All in all, the legislature did the abortion issue right and we are seeing the fruit of their labor today. The now-effective Human Life Protection Act is true to pro-life principles, will keep women from prosecution, and represents Alabama’s conservative values well. It is a morally just law of which our state ought to be proud. It was not a haphazard political stunt but a good and thoughtful policy that considered what implementation might look like if the ban were ever allowed to go into effect.
Starting this upcoming school year, families in Tennessee will be able to enroll in a school choice program that allows eligible students to use taxpayer dollars to attend private schools. On Wednesday, a Tennessee court lifted its injunction against the Education Savings Account program, which was originally signed into law in 2019. As a result, Governor Bill Lee announced that the program would be active starting this fall.
According to ancient Greek philosopher Plato, it is the great philosophers who are best suited to govern society. Known as “philosopher kings,” they use wisdom, Plato says, to determine how society should operate. Ours is not a country governed by philosopher kings. The Founding Fathers, instead, predicated our government as one of the people. And it is Congress, the gathering of popularly elected representatives, which is given that weighty law-writing authority.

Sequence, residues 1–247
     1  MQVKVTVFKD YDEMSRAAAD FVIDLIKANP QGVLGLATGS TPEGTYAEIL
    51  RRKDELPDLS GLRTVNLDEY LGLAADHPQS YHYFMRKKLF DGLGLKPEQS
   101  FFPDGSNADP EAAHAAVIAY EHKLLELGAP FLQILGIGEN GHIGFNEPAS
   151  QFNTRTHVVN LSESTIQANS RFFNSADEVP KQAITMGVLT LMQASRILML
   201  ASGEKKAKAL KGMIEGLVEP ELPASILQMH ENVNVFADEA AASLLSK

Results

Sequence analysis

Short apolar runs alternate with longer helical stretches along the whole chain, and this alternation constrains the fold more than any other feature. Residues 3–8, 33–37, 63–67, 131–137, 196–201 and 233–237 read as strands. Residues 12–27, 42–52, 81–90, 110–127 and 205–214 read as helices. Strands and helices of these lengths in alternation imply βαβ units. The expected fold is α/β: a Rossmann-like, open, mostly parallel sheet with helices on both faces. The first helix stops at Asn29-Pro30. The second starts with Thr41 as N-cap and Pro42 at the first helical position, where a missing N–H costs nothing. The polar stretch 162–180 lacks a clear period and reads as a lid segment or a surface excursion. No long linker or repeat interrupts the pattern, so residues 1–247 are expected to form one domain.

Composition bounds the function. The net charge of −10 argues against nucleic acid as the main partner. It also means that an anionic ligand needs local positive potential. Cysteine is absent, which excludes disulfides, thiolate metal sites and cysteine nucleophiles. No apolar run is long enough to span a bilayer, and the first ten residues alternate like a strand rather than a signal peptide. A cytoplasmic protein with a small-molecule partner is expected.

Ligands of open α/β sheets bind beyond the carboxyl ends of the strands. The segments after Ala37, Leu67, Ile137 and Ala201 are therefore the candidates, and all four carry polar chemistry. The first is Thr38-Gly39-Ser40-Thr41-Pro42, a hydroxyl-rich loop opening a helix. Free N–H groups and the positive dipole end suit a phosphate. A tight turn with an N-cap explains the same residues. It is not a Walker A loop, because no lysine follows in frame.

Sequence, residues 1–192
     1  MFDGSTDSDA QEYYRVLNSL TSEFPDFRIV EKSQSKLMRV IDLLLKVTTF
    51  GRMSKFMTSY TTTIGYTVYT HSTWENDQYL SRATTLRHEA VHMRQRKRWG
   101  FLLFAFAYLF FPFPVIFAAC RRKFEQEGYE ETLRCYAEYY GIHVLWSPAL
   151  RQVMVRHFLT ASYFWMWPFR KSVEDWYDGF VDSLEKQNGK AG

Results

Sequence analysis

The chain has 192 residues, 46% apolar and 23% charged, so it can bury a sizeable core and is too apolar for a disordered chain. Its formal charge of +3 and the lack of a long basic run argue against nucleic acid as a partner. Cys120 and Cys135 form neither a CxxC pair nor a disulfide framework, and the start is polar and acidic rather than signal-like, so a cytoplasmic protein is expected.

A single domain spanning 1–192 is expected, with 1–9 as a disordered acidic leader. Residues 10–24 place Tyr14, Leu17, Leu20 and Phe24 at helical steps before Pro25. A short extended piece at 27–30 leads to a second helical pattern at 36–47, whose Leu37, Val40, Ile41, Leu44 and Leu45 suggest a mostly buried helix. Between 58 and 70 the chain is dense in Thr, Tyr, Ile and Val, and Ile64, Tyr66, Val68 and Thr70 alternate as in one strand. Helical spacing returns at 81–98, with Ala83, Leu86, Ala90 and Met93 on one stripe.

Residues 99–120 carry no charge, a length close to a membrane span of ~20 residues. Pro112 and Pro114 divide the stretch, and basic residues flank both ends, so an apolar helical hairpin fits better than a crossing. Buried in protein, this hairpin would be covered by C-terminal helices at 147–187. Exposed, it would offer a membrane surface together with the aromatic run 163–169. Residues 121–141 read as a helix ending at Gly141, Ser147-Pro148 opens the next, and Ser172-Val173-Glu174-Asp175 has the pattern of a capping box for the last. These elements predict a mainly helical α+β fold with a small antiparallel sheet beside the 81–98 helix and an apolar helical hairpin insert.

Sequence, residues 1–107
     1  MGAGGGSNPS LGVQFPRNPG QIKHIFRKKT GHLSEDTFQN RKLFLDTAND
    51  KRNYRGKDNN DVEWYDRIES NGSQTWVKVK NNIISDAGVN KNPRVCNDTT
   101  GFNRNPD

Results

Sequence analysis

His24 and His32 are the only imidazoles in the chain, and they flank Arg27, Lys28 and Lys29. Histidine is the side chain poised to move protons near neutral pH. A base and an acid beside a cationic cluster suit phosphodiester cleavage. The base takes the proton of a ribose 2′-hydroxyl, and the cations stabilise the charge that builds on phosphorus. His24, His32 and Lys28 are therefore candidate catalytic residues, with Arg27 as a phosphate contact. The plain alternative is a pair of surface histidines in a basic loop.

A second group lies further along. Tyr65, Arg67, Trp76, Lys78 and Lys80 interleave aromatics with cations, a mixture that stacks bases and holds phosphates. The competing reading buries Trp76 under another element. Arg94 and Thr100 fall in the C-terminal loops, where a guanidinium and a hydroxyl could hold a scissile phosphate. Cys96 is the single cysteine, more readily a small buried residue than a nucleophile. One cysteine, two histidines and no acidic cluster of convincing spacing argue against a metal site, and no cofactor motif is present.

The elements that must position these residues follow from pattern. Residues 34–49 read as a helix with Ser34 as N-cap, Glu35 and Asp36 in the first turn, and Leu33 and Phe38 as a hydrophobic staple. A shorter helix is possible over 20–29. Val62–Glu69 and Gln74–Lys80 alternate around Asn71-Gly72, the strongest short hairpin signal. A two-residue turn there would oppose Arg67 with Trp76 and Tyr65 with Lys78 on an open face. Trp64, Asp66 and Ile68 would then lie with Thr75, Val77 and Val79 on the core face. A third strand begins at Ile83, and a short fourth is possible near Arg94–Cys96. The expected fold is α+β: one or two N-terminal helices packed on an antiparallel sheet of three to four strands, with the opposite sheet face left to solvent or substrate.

The head of a conservative think tank that seeks to expand school choice has won the runoff race for the Republican nominee for State Superintendent in South Carolina.
Mississippi, like Alabama and other states, has seen a windfall of tax dollars due to high spending and federal stimulus funds. While Alabama legislators have largely determined to spend that money to increase state government, other states like Mississippi are making meaningful tax cuts.
On primary night, State Representative Andrew Sorrell and pastor Stan Cooke received enough votes to advance to the June runoff in the race to become the Republican nominee for State Auditor. So, what exactly are they running for? What does the state auditor do? And maybe, more importantly, what does our state auditor not do?
Perhaps the biggest surprise of the night is that incumbent Governor Kay Ivey will not face a runoff election to keep her position as governor.
The state of California, like many other state governments which have been bolstered by high spending and federal handouts, is experiencing a budget surplus. For the Golden State, this year’s surplus is a staggering $97 billion.
“We will continue our fight for school choice until all parents can find good, safe schools for their children.” “We especially support...
Last year, the Montana legislature voted to expand their tax-credit scholarship program, a school choice program. Also in 2021, the...